Reb Abish: Today’s Music is a Cholent Pot; Many Songs Are Superficial


abush-brodtThe noted baal menagein, Reb Abish Brodt, in a recent interview, discussed his years of singing and being mesameiach people, and also commented on contemporary Jewish music. When asked for his opinion of contemporary Jewish music, Reb Abish responded, “I don’t want to talk about it too much; everyone knows my opinion anyway.” He then went on to say, in the interview with the Hamodia weekly newspaper: “The truth is that I really can’t blame those who enjoy it. Today’s younger singers didn’t grow up in the same time period and in the same Jewish atmosphere that I did. I grew up in an environment where we knew what a Modzitzer ‘Mizmor L’Dovid‘ or a Bobover ‘Mah ashiv‘ were.”

“We also knew about secular music,” said Reb Abish, “but the dividing line between us and them – Hamavdil bein kodeh l’chol – was crystal clear. We knew that their way of singing was the goyishe style and we sang the Yiddishe way. Today, all the lines are blurred; it’s all one big cholent pot. Some validate themselves by quoting what is said about the Kaliver Rebbe zt”l [Reb Eizikel], that he used to buy songs from a non-Jewish shepherd. If only today’s singers would have a fraction of the perception that the holy Kaliver Rebbe had toward a niggun! Many of today’s songs are superficial – very often, a tune is taken straight from the radio, a passuk is inserted, and, lo and behold, it has become a ‘chassidishe niggun.’

 “I always tell my partner in Regesh Productions, Rabbi Shmuel Brazil, that we really have no idea what we’re accomplishing; a niggun is the language of the soul,” concluded Rabbi Brodt.

 Kol hakavod, Reb Abish.

 {Dovid Newscenter}


  1. No big news here, he said what many of us have been thinking the last 10+ years, I wish A Fried would stop putting out new stuff and just focus on uncovering treasures from the previous years as he does so well…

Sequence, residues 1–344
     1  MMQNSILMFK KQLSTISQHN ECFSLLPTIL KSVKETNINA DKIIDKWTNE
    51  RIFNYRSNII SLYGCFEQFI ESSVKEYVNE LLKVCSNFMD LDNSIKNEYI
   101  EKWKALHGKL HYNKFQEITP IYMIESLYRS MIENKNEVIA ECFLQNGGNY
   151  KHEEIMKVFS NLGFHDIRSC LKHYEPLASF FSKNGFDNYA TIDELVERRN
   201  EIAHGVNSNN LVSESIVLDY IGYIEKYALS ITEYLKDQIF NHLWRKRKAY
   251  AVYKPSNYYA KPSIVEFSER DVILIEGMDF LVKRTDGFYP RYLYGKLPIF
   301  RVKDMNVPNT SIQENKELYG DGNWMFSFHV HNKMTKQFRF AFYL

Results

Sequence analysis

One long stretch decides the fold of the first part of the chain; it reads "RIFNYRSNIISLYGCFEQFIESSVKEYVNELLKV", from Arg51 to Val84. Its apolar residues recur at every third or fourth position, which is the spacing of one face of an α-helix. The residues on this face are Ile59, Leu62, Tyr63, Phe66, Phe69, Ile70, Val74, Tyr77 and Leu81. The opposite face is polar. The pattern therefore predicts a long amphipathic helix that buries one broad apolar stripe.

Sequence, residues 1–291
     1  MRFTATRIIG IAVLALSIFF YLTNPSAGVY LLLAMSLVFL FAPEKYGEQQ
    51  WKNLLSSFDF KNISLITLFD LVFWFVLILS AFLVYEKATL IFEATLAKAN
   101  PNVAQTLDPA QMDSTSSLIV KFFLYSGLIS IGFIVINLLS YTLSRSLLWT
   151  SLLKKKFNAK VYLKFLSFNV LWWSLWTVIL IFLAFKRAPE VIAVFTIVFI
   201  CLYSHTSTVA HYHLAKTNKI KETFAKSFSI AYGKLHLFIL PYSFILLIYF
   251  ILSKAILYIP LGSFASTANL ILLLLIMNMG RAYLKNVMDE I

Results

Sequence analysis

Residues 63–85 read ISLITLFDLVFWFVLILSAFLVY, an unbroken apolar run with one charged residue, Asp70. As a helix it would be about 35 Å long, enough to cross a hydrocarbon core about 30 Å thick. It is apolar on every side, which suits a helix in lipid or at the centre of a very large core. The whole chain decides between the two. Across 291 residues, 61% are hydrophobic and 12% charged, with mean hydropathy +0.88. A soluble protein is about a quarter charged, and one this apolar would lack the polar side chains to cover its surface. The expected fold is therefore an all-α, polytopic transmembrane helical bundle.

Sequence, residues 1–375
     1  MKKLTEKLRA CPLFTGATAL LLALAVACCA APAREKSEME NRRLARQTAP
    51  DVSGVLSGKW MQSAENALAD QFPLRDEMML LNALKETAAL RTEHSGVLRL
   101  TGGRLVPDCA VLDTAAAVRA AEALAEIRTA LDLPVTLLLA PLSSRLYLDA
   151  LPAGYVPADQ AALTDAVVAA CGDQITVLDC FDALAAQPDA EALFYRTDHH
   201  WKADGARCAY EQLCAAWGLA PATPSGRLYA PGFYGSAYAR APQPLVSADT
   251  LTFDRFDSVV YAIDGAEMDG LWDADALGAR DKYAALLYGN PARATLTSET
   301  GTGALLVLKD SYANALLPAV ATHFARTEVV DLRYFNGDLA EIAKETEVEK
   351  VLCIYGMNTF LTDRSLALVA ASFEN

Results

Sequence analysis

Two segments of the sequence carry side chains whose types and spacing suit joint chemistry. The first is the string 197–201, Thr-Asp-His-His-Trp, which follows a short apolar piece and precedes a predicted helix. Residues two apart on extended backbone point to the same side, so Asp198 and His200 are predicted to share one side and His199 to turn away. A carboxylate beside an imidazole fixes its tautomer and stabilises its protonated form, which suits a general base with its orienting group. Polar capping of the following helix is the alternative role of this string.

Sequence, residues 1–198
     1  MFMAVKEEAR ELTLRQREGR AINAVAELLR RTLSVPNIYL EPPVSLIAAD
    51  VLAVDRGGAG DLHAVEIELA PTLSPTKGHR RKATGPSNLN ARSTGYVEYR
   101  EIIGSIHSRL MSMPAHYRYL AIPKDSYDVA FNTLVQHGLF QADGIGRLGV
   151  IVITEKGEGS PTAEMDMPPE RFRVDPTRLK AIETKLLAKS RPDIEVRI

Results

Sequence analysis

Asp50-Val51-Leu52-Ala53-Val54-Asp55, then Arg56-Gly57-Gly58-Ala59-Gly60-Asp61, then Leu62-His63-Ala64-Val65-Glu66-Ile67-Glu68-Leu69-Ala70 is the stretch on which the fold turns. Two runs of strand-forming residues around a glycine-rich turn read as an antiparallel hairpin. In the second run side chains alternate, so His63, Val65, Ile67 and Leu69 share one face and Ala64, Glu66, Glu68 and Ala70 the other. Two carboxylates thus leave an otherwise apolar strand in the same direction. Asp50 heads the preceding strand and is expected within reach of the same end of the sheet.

2. Agudah & Torah Umesorah have him at their Annual Conventions. I usually stop in for the keynote session & Melave Malka. I enjoy him a lot (Especially when he sings Uvini Malkaini!

  3. To 5: I think that an interview with R’ Brodt would have been incomplete without that question. I don’t think R’ Brodt was bashing others as much as trying to be mechanech us about what we’re missing, and should aspire to.

  4. I well remember a talk that Rav Mordechai Weinberg, ZT’L, gave about this problem of bad music. He mentioned the Gemora in Meseches Chagiga that relates the story of Elisha ben Avuya. (Elisha ben Avuya was initially one of the Chachamim in the era of the Tanaim; latter on though, he very tragically slipped into k’fira.) Rav Weinberg pointed to the part of the Gemora’s narrative that lists what caused Elisha ben Avuya to turn bad and specifically to the reason that in his house, there was always playing Greek music.

    Rav Weinberg explained that music is something that touches and moves a person emotionally. So if the intent of the music is for bad things, listening to it is going to direct a person’s feelings and emotions toward that corruption.